This is a tag-along to the Friday's Forgotten Book series. The links to the others in the series are available at the website of author Patti Abbot or one of her deputies, at this link.The One-Eyed Man by Larry L. King, first edition published by the New American Library, New York, 1966. The Signet paperback edition, scanned above, was published in December, 1967.
First epigraph: "In the land of the blind, the one-eyed man is king." --Anon.
Second epigraph: "Do you think I am trusty and faithful? Do you see no further than this facade, this smooth and tolerant manner of me? Do you suppose yourself advancing on real ground toward a real heroic man? Have you no thought O dreamer that it may be all maya, illusion?" --Walt Whitman
I prefer a reading in the spirit of the second epigraph, though the author does not defend it this way.
Excerpt: "It has been a while since the day when we whoosed through the boondocks, stopping to pump the hands of the back country jackdaws and feeling the first swift currents of their discontent, with Collie spraying his waste water among the tall stalks, and bending into the sweet melon, and cheerfully baiting Bo. It has been a while, and tired bones record the passing."
"The sun has beamed down on rooftops a thousand mornings and the winds have promiscuously changed course, and pious prayers have been shouted over the uncaring forms of the dead. Our mudball has turned among the stars, and beasts have prowled the fields , and time has cracked into the old patterns of split seconds of joy trailed by eons of sorrow."
"Later on, the goddamn historians will get hold of it. They will fix the past in the hard glare of twenty-twenty hindsight and go conjuring up visions and assigning motives as though they had a special license for the purpose, and all the time they won't have a clue. They will see the indelible tracks in the endless desert and chart the winding curves of the main path, but miss the subtle signs of struggle on the trackless rocks and the dead-end cakewalks along the hidden side trails."
"History is just a bunch of spooked people hoo-hawing around, straining a guy to stay ahead of those hairy hounds of horror Cullie used to talk about. Hoping they won't be bayed down and treed. Historians forget the black X of chance. They honk up the notion that everything was planned, was willed and done for a reason. The old wheel of fortune keeps spinning in worn grooves and the X of chance falls wantonly on the squares, and about all any mother's son can do is ride with the play."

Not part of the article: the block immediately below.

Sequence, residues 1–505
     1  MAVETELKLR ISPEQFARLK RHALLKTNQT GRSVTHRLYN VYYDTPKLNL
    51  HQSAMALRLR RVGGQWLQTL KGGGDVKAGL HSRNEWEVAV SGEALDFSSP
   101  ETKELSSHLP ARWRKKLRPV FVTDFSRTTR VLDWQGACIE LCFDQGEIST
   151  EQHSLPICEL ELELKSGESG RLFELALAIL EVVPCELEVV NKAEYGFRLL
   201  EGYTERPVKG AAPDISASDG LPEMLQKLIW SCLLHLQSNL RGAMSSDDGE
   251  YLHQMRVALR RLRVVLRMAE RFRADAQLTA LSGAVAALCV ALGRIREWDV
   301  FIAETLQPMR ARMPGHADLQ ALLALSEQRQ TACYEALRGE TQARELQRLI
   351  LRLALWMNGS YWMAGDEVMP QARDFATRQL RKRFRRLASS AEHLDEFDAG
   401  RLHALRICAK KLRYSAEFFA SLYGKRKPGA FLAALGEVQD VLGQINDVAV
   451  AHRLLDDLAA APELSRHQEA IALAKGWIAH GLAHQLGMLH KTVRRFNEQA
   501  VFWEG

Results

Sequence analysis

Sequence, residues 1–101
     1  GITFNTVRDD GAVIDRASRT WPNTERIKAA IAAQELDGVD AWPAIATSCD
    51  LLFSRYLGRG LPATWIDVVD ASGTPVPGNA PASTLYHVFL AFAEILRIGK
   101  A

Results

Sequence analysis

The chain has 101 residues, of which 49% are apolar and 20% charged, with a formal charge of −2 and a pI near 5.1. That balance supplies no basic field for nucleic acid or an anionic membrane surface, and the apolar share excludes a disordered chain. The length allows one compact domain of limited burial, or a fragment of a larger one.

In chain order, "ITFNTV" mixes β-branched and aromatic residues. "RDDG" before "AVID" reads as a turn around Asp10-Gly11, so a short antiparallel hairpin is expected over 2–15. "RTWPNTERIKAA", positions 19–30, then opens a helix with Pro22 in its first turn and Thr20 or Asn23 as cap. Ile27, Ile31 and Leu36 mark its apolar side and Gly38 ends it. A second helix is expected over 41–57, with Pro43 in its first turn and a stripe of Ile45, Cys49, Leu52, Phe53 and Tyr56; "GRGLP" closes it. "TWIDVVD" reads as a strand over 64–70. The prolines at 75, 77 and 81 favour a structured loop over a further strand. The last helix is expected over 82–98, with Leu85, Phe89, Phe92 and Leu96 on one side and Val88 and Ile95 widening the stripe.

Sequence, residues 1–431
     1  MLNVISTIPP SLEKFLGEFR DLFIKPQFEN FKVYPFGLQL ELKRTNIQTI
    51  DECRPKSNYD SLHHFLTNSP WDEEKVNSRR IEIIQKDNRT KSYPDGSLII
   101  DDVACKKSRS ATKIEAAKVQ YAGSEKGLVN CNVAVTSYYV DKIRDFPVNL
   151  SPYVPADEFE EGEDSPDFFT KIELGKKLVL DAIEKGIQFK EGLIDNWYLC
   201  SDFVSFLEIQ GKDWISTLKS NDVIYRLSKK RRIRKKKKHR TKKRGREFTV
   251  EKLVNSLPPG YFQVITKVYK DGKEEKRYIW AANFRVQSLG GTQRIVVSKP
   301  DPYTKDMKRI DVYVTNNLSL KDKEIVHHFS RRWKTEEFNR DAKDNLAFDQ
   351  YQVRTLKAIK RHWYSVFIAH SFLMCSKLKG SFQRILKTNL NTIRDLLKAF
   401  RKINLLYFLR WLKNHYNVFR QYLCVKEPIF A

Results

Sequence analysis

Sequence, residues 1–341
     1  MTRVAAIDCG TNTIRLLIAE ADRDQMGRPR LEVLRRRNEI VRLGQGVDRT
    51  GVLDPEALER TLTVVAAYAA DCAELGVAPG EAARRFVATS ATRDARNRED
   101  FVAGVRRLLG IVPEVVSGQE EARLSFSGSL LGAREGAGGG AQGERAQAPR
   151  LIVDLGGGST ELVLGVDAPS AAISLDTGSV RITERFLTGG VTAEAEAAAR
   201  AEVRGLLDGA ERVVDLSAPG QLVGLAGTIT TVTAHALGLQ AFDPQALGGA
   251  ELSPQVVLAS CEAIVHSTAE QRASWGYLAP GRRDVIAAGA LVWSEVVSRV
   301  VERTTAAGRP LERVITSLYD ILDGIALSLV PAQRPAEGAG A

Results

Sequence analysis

The opening (and just about any passage your read in this novel) immediately conjures up Robert Penn Warren's 1947 Pulitzer Prize winner, All the King's Men. King thought his book a tribute and an updating of Warren's original work, but a novel to stand on its own. Pre-publication blurbs were gathered from respected authors. John Kenneth Galbraith called it "the best political novel since The Last Hurrah."
It was timely, a novel about the end of the segregated south and with it any vestiges of the states rights movement. The novel was well promoted and big things were expected of it. A major book club made it an alternate selection. But it did not sell well. Most reviews were negative, and a lot of reviewers thought it a bad parody of All The King's Men.
When Signet came out with the paperback (scanned above), the cover promoted a smokey vision of a couple about to have sex--which has almost nothing to do with the book. When the author protested to his editor, he was asked, "Do you want to sell any books or not?"
In Larry L. King's memoir, None But a Blockhead: On Being A Writer, King discusses the writing of the novel and tells of a party he and his wife were invited to at the home of authors Willie and Celia Morris. The guest list also included Robert Penn Warren, King's "hero of heroes," his wife author Eleanor Clark, husband and wife authors William and Rose Styron, and the historian C. Vann Woodward.
After King met Warren, the two engaged in conversation about books. King said that there were many other books that he would like to write, but that he thought himself too unworthy, having so little formal education. Robert Penn Warren replied:
"Well, if you thought you understood very much about anything I doubt whether you'd be successful at the creative process. I've always found that I write to learn, as much as I write to tell or to instruct."
"I don't believe a writer is having a creative experience when he merely tells. There should be in the writer's work a great seeking."
Earlier, King's editor had sent the galleys of The One-Eyed Man to Warren and received the terse reply, "It looks like your new writer has been writing in my sleep." At the dinner table later that night, King's wife brought that up, embarrassing both Warren and her husband. Warren acted gentlemanly throughout--"Oh, my, how ungenerous of me!"--and both authors apologized to each other. In his memoir, King admits and regrets the degree to which he channeled Warren's great novel.
King also recounts the efforts of actor Dan Blocker--who played Hoss on the television western, Bonanza--to produce and star in a movie adaptation of The One-Eyed Man.
King went on to write The Best Little Whorehouse In Texas and many other works. Yet King's forgotten first novel is valuable for its historical insights and humor and, indeed, in its artifact reminder of the once unrepentant and segregated South, now happily gone with the wind.